Ironically, those who have abandoned god and faith have not embraced either science or reason. They have given themselves to gay abandon, literally and metaphorically.
In 1921 Rabindranath Tagore had encountered Germans “frustrated by military defeat, economic disaster and political chaos”. Almost a century later, German soldiers prefer teddies over guns, the German economy is the strongest in Europe and German politics is all about staid and boring stability.
Yet the ‘light’ that eluded Germans when Tagore was feted by “a multitude of people expecting a light from the East” seems to have remained elusive. Nothing else would explain the self-flagellation of a Christian nation whose President said that Islam is a “part of Germany”, adding, almost as an afterthought, “like Christianity and Judaism”.
Empty churches and the twice-fire-bombed synagogue of Berlin fly in the face of that half-hearted assertion. The Turks who were brought in to help with Germany’s post-War reconstruction were inspired by Mustafa Kemal Ataturk. Latter day Muslim immigrants, especially those who have sought shelter in Germany claiming ‘persecution’ at home, are inspired by the zealotry of Mohammed Atta who embarked upon his villainous mission from this country.
Realisation of sorts is gradually beginning to seep in as middle-aged Germans look around in amazement at a country they increasingly find difficult to identify as their own. Young Germans are irritated, though not necessarily concerned. An opinion poll showed more than a third of the natives believed their country was “overrun by foreigners” who had inveigled their way in for Germany’s famed social benefits.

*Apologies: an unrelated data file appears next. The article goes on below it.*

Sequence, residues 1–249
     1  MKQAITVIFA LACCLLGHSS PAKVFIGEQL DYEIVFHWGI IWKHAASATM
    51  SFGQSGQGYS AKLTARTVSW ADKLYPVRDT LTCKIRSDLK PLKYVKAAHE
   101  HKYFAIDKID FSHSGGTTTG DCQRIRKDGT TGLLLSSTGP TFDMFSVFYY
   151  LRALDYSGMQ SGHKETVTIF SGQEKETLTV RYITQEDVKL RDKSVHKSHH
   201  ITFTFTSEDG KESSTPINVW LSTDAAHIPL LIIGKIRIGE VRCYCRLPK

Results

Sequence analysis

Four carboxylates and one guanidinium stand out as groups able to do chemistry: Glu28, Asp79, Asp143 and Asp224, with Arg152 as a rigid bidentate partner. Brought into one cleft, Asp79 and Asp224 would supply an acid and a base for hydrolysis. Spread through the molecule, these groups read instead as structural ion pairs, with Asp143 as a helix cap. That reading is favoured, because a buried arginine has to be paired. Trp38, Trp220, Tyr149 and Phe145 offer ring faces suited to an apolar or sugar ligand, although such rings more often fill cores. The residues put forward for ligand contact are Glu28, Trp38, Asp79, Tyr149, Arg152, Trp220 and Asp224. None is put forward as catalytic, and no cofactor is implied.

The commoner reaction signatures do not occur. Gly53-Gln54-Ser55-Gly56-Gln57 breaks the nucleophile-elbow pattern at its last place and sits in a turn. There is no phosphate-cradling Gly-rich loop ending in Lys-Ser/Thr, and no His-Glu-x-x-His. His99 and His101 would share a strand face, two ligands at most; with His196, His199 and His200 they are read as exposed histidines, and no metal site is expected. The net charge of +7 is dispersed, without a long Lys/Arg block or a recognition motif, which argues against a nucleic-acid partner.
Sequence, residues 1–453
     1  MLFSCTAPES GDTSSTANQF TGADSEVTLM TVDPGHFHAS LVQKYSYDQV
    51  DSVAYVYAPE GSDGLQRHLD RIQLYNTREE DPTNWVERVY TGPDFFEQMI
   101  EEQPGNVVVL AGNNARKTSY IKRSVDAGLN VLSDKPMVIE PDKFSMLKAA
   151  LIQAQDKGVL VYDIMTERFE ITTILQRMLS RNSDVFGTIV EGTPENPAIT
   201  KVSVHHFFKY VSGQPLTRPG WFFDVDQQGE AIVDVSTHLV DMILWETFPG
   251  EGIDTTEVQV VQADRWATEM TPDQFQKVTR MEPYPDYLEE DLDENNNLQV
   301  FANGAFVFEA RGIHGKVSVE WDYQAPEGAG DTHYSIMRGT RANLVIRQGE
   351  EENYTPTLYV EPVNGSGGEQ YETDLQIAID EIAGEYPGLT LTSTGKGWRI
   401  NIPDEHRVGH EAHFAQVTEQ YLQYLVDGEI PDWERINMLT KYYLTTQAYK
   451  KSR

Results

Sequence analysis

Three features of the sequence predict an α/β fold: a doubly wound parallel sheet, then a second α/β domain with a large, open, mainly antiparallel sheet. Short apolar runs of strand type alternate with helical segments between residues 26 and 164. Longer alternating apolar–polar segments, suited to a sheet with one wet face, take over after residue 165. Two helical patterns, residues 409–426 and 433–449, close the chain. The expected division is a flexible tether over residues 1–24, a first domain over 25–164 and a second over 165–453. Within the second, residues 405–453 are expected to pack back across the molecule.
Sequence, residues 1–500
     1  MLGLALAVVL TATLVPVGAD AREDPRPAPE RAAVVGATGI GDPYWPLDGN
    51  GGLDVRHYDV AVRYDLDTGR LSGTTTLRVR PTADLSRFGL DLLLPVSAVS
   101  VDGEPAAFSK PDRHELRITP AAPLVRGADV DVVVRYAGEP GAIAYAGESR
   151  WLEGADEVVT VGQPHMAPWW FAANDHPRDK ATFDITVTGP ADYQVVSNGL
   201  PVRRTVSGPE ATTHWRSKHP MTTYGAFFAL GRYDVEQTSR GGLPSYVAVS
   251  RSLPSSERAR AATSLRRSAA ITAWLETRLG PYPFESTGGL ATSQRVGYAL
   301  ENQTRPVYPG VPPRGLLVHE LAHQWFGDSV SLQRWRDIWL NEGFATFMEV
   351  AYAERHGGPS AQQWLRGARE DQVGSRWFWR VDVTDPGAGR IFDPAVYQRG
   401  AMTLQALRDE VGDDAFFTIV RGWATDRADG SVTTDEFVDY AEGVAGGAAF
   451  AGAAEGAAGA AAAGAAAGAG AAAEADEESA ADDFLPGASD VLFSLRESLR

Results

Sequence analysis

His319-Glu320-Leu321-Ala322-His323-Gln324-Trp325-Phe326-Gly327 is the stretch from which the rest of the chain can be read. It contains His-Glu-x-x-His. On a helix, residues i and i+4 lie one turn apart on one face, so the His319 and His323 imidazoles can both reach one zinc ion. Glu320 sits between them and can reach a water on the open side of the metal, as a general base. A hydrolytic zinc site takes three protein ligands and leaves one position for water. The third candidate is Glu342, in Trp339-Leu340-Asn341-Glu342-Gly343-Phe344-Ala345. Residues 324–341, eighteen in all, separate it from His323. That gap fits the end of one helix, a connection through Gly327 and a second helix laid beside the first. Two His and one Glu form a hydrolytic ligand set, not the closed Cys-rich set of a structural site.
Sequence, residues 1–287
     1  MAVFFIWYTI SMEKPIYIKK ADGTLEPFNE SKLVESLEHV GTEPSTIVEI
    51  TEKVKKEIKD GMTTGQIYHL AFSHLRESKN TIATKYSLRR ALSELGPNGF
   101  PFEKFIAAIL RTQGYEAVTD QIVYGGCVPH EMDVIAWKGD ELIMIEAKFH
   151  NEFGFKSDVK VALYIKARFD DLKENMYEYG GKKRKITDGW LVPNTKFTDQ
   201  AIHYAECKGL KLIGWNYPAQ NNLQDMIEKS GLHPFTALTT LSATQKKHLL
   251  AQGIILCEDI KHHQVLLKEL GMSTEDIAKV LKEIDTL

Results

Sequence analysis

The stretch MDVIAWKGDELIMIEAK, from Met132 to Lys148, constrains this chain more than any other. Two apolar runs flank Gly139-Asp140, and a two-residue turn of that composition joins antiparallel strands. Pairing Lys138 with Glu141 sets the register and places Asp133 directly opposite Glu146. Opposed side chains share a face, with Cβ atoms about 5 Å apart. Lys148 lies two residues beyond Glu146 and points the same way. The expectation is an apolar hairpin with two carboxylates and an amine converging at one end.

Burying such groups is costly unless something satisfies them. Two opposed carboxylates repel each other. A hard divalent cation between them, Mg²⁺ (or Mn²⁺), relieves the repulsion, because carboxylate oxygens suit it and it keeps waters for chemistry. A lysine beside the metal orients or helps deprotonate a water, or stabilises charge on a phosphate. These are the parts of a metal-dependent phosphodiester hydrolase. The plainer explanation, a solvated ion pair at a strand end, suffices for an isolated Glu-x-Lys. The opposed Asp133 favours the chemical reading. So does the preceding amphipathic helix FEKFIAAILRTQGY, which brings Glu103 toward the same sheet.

That had prompted Chancellor Angela Merkel to admit, the first German leader to do so, that attempts to build a multicultural society had “utterly failed”. Bogus talk of building a ‘multikulti’ utopia has proved to be so much hot air — just that and no more, although the Chancellor, a politician with an eye to potential voters, was less acerbic with her choice of words.
Addressing young members of her conservative Christian Democratic Union she said, “At the beginning of the 1960s our country called the foreign workers to come to Germany and now they live in our country. We kidded ourselves a while, we said: ‘They won’t stay, sometime they will be gone.’ But this isn’t the reality… The approach to build a multicultural society and to live side-by-side and to enjoy each other... has failed, utterly failed.”
This failure is evident in country after country across Europe. Londonistan which now has ‘Sharia’h Enforced Here’ zones is written about and heard of; other cities are fast sliding in that direction. Berlin is witnessing a proliferation of mosques. Not all of them are used for preaching the ‘religion of peace’.
The plaintive pealing of church bells tells Christendom’s sad story.
The writer is a senior journalist based in the National Capital Region. His Twitter handle is @KanchanGupta